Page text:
It is not my intention to pass comment on each of the details of this bill, but I would like to take some time to speak on the matter of courtroom and court building security, and by implication the security of magistrates and judges. Although I was never a lawyer, I did work for a period of time investigating security incidents in the court system in Perth. Also, through my time in the Australian Federal Police, I had some security duties at the then Family Court in Parramatta, Sydney. I would like to spend a few more minutes to help out—as I was asked to!—by drawing on the experiences that I had in Perth while conducting these investigations. Some may recall an incident in Perth involving the mass break-out from the Supreme Court. That was a tragic and unfortunate error which was very bad for the city of Perth and led to, I believe, nine serious inmates being out on the streets. I also had the unenvious position of helping to investigate a death in custody and several self-harm incidents by persons in custody.

In all these cases, there were common features: either there was a procedure that was not up to scratch or the procedures that were there were not properly adhered to. This is a very important matter. In the state criminal system, I am afraid to say, there are some people who are not very nice; there are some society might even call evil. Nevertheless, there is a duty of care that needs to be complied with and there is also the duty to society to make sure that these people are properly secured. While there were some contributing factors of equipment failures or other problems that you would never allocate as a fault of an individual, it was certainly the case that most incidents were related to mistakes individuals made. Again, barring the intention of people to commit self-harm, and to achieve a self-harm in one case, things could have always been done a little better.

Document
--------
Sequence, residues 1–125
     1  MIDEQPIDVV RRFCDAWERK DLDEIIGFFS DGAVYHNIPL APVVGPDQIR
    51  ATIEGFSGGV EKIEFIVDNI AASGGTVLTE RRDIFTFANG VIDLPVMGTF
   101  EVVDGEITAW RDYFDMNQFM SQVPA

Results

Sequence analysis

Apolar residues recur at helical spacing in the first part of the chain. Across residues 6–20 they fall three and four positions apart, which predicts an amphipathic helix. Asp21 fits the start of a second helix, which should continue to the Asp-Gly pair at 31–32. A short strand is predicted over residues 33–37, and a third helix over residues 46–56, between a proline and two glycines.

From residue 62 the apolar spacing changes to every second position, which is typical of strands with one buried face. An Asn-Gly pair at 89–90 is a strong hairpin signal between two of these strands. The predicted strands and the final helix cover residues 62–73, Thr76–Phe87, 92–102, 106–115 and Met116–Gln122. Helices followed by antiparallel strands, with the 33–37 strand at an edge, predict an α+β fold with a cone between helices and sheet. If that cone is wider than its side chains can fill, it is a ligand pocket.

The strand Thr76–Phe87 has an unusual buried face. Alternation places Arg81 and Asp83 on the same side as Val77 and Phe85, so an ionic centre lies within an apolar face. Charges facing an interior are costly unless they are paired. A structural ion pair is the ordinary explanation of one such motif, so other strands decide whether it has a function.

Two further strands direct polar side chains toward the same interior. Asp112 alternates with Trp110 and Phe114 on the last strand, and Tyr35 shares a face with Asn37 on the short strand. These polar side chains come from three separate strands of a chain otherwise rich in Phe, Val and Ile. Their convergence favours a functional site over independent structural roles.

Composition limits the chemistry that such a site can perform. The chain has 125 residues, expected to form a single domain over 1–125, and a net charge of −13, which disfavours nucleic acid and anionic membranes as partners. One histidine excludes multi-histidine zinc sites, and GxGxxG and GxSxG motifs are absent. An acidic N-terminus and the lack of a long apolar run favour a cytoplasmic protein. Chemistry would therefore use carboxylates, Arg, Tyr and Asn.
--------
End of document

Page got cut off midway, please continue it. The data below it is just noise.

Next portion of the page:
In the circumstances we are talking about today, where we are talking about federal courts, you might ordinarily think that you are not likely to see a serious criminal jumping from the dock and climbing up to pass the judge or magistrate and then pushing him out of the way, as unfortunately happened on one occasion. Nevertheless, in the Federal Court system emotion is still there. People feel strongly about certain events and, while maybe escape is not one of the motives of people in these courtrooms, it would certainly be the case that there are seriously aggrieved parties that might take bad decisions that could lead them into more trouble by assaulting another party to the matter, assaulting a magistrate or even assaulting a member of the public in the vicinity. I would always advocate that, when talking about security in the court system, you must always think about two things: the hardware—the way the courtrooms and the buildings are built, and the security systems within those buildings—and the procedures as well. It is normally in the procedures and in a failure to adhere to the procedures that risks are realised and people possibly hurt. That should never be acceptable and we should always try to do better.

I have wandered somewhat widely this afternoon, and I appreciate your indulgence in this matter. I would like to finish by saying that we on the opposition side fully support these amendments and we look forward to their implementation for best practice and the benefit of all involved.